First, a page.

After going back-and-forth about the blog topic for this week, I finally decided to take a break from writing about conferences (let it be known, though: I'm SO EXCITED about all of the conferences coming up) to discuss Indigenous languages, especially the efforts being implemented to re-vitalize or "modernize" these languages and even incorporate these languages into health research and tribal health education. I am going to focus on the Dakota language, because that is what I grew up hearing and learning, but know that there are approximately 175 different Indigenous languages spoken in the United States today. Despite the vast number, indigenous languages have at least one thing in common: they're all beautiful. When you start to examine what the words mean, and you hear them spoken, you realize just how complex and majestic language can be. Often, a word translated from English to Dakota is given a new, richer meaning. For example, when I talk about my sister in English, you may be left wondering if my sister is older or younger than me. In Dakota, I would refer to her as mita┼ïka (my younger sister). I can talk about my u┼ïci (mom's mom) or my ku┼ïsi (dad's mom) and you would know exactly whom I'm talking about.
There are several organizations laboring tirelessly to preserve the Indigenous languages. The Sisseton-Wahpeton Oyate (SWO) Dakotah Language Institute is the one I am most familiar with, because I stop by their offices to browse and buy cards every time I'm home. There are also schools developing Dakota or Lakota immersion programs, and they incorporate these languages into school murals, lessons, hallways, memes, and community settings.
The work that these organizations are doing is important on many levels. When I left the rez (Lake Traverse Indian Reservation) to attend college, my new friends didn't understand what I meant when I said, "Ayes!" or "Ennit?" or told them they were acting "bucky." Abigail Echo-Hawk (she's speaking at the Population Health Research Summit!!!) has referred to this as "talking Indian," and prior to hearing Abigail talk about it, I was embarrassed to say these words around my non-Native friends. Yet, it's important that we give ourselves permission to use these words, regardless of the audience, and to embrace our "Indian talk." We can't forget where we came from; our home, our people, the land, and our culture all need us to relish in and preserve these things that are inherently who we are. Remembering this can help us remain focused on the difficult work of celebrating and preserving our indigenous languages.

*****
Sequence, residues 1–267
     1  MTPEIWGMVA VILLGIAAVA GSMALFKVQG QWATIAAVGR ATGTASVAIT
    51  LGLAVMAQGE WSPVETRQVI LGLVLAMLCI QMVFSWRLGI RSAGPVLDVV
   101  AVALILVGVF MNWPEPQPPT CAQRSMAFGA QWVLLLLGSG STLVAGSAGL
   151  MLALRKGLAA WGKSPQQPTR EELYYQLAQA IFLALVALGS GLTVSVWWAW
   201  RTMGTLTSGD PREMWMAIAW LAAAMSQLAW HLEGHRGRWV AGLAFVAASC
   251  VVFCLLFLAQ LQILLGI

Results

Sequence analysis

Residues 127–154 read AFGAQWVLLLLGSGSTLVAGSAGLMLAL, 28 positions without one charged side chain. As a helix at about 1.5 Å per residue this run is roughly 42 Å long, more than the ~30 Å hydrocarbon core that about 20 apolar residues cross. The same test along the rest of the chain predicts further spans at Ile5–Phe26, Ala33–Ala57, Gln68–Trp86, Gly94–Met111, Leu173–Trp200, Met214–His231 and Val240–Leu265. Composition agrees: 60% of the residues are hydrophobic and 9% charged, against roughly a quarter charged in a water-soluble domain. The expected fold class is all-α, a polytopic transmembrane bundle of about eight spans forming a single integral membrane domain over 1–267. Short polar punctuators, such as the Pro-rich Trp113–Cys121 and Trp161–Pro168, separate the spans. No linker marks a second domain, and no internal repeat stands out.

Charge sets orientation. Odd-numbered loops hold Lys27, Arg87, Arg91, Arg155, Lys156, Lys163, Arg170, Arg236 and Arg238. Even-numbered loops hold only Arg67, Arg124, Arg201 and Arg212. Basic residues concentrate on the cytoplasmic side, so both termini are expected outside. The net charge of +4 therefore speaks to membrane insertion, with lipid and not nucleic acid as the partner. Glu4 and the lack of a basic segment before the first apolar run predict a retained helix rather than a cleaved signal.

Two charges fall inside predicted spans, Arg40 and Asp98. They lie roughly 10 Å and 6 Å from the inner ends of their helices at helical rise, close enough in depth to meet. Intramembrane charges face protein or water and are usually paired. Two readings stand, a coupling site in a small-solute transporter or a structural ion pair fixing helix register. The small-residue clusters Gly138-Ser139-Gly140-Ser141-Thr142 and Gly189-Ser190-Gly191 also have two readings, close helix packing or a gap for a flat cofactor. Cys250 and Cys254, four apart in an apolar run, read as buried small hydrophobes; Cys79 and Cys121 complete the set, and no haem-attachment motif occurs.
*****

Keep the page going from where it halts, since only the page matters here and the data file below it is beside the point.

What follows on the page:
In the world of Native research, connection is important. We need to build relationships with tribal communities and show them that we aren't just helicopter researchers interested in completing our project or degree. Incorporating and promoting the use of the Dakota language (or the language of whatever group we are working with) into our research projects and health promotion endeavors is one way to do this. This doesn't mean that you have to start throwing "pidamaya (thank you)" on everything you send out; but it does mean regularly engaging with tribal stakeholders and giving them room to interject with suggestions that improve the cultural relevance of what is being done. Melissa Buffalo and I are working on some really exciting projects that are doing just this. We are working hand-in-hand with tribal community members to develop research result dissemination and health education materials that are culturally relevant, and the results have been absolutely amazing. Does this intrigue you? Come to the Summit and check out our poster!
Coming up next: We will talk about Tribal IRBs and how important they are! I will have a sidekick (one of the CRCAIH tribal partners) help me with this important, complex topic.
I will be your fearless blog leader and sincerely look forward to feedback, questions, suggestions for topics, cat pictures, and anyone interested in possibly being a guest writer.